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NEW UPDATES Asean Affairs  20 October  2015  

2016 to remain sluggish for RI economy: Bahana

Two months from year-end, Indonesia’s economy is forecast to remain stuck in the doldrums next year, with the gross domestic product (GDP), the rupiah and state revenues lower than hoped for, according to securities house Bahana Securities.

As many major economic institutions including the International Monetary Fund (IMF) slash their growth predictions for Southeast Asia’s largest economy, the investment firm expects 5.1 percent GDP growth for 2016, lower than the government’s forecast of 5.5 percent in the draft 2016 state

“The outlook remains quite serious. […] We might even lower it to below 5 percent,” said Bahana’s head of research Harry Su during a recent visit to The Jakarta Post’s office.

The country saw 4.67 percent GDP growth in the second quarter this year, the slowest in nearly six years and slower than the recorded growth in the first quarter, which stood at 4.7 percent.

Meanwhile, Harry also expressed concern about the possibility of tax target shortfalls, which could be the biggest threat to Indonesia’s economy next year.

He predicted a shortfall in this year’s tax revenues of between Rp 250 trillion (US$18.49 billion) and Rp 400 trillion from the target of Rp 1.49 quadrillion, quite apart from the significant 26 percent increase in the tax target in the draft 2016 state budget, to Rp 1.56 quadrillion.

“That’s why we think that the target will not be achieved next year,” he said.

The government’s tax revenues slumped to a four-year low on the first half of this year, they are reported to amount to Rp 555.2 trillion, or only 37.3 percent of the targeted revenue, lower than the usual 42 percent to 44 percent in the same period in the last four years.

“The outlook remains quite serious. […] We might even lower it to below 5 percent.”

Harry added that the tax shortfall would lead to infrastructure development getting bogged down.

“As the government can’t control the external factors, all they can do is build infrastructure,” He said.

The government has allocated Rp 313.5 trillion for infrastructure spending in the draft 2016 state budget, higher than Rp 290 trillion this year.

However, the budget realization so far has been challenging, with one of the key ministries for infrastructure, the Public Works and Public Housing Ministry, only managing to spend less than 50 percent of its budget by Oct. 13.

He also said that the rupiah would further weaken next year, with the firm expecting the currency to stand at Rp 14,000 by the end of the year and Rp 14,500 next year. This is still higher than the analysts’ consensus of the rupiah ending at Rp 14,500 this year and continuing to weaken to Rp 14,700 next year.

The currency, which has depreciated by more than 8 percent to date, is still volatile with a lack of rupiah circulating in the market, according to Harry.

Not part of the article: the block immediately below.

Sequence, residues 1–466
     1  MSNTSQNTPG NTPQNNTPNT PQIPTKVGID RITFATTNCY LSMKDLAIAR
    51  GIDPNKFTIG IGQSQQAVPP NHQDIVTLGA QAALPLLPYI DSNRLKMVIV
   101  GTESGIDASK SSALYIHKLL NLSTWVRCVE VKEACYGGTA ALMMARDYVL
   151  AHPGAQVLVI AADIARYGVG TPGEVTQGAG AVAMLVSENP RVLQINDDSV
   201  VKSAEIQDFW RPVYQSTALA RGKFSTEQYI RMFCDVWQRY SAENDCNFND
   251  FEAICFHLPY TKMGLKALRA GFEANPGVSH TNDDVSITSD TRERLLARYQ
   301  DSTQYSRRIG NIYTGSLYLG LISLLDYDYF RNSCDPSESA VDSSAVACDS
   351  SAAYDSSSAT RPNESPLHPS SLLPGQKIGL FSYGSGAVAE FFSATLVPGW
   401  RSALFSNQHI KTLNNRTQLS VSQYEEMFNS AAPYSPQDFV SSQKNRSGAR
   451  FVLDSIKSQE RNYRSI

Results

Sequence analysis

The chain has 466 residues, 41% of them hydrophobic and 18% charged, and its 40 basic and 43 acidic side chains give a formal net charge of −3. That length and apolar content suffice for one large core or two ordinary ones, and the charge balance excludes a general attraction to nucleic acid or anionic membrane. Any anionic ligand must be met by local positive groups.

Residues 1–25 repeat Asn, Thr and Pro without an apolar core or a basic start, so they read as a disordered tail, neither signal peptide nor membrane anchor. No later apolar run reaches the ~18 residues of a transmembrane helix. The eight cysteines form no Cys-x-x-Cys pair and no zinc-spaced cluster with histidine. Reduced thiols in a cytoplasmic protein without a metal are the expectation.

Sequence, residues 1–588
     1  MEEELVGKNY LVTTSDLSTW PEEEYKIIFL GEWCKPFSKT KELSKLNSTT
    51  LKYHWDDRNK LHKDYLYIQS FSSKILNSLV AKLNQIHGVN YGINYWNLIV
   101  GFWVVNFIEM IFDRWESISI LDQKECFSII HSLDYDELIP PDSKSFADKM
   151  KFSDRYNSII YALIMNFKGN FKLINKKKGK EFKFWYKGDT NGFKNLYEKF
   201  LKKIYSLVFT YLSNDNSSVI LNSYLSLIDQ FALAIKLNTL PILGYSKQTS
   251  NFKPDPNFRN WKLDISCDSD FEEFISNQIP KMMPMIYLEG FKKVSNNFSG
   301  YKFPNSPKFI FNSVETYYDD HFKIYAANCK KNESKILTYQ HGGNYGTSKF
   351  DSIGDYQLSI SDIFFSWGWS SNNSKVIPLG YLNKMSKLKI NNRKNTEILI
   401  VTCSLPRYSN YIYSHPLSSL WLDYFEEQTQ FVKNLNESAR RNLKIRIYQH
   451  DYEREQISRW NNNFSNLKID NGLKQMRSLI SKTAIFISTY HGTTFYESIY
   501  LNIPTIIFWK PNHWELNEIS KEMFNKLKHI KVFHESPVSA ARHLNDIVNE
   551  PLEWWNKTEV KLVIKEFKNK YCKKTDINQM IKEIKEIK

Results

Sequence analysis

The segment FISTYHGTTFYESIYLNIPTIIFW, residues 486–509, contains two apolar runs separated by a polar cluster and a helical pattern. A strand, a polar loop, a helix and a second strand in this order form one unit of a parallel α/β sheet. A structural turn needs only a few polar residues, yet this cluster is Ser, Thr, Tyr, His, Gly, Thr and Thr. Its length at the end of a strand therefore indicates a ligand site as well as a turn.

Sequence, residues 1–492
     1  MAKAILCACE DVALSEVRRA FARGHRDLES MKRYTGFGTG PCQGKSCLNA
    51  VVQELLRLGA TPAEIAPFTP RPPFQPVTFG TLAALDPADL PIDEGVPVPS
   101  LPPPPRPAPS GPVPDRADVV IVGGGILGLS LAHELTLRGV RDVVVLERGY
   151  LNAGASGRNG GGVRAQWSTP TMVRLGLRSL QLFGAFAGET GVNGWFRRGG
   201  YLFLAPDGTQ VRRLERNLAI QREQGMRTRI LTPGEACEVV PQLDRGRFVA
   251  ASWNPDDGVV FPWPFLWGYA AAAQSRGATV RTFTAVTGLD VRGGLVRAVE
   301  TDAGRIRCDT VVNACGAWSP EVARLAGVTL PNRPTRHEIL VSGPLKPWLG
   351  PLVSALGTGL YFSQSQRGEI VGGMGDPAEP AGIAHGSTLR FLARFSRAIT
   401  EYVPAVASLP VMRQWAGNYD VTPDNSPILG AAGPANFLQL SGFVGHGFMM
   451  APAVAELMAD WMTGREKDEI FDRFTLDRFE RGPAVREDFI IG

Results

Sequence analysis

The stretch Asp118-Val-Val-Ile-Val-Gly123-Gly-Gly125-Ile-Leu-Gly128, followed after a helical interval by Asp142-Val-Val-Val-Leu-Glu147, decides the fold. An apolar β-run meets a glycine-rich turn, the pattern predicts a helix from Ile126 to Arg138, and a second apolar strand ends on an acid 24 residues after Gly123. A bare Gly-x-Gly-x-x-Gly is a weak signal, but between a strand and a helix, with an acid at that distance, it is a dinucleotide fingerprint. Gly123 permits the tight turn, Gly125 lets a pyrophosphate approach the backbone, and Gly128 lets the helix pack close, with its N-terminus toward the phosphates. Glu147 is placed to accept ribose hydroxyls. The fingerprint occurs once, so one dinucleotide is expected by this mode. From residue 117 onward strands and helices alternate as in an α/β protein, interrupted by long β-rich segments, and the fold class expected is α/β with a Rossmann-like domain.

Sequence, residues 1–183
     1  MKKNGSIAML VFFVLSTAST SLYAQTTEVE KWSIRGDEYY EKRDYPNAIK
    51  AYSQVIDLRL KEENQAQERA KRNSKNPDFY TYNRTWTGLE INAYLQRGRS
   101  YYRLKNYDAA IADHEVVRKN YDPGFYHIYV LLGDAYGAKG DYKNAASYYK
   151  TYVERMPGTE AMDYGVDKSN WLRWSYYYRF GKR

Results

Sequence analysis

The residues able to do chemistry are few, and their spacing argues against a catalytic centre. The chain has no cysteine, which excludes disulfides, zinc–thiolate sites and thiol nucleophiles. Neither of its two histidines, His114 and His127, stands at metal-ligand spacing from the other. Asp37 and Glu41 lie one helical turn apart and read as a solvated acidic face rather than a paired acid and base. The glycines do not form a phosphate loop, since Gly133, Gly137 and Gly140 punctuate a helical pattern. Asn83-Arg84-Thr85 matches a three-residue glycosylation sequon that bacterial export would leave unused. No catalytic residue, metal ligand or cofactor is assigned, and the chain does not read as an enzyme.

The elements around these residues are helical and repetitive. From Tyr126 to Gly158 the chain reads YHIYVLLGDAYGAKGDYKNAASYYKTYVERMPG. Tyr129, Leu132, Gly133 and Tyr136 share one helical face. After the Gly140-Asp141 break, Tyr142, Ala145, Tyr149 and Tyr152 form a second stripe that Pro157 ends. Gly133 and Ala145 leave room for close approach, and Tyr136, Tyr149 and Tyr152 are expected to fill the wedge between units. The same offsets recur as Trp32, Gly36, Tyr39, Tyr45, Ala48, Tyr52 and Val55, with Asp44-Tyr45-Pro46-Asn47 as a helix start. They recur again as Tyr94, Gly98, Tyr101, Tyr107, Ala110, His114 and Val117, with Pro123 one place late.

“The liquidity is very ‘dry’, so the movement of the rupiah against the dollar can be quite volatile,”
he added.

However, despite the bleak outlook, he stressed that the country was not in a crisis like 1998.

“Especially on the debt-to-GDP ratio. [In 1998], it stood at 150 percent, now it is just 33 percent. It’s much healthier,” he said, adding that the current corporate net gearing, which stood at 19 percent, should also keep the economy secure.

Meanwhile, the firm also predicted a level of 4,700 for the benchmark Jakarta Composite Index this year, increasing to 5,100 next year.

“Infrastructure development should be faster next year, so there will be support for the GDP,” he said, adding that the early tenders conducted by the ministry would also help to speed it up.

Regarding favorable sectors, he said that the firm was still heavy on defensives such as staple consumer goods and telecommunications with high earnings visibility next year.

“Because at the moment, the problem is the scarcity of growth,” he said.

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This year in Thailand-what next?

AseanAffairs   04 January 2011
By David Swartzentruber      

It is commonplace in journalism to write two types of articles at the transition point between the year that has passed and the New Year. As this writer qualifies as an “old hand” in observing Thailand with a track record dating back 14 years, it is time take a shot at what may unfold in Thailand in 2011.

The first issue that can’t be answered is the health of Thailand’s beloved King Bhumibol, who is now 83 years old. He is the world's longest reigning monarch, but elaborate birthday celebrations in December failed to mask concern over his health. More






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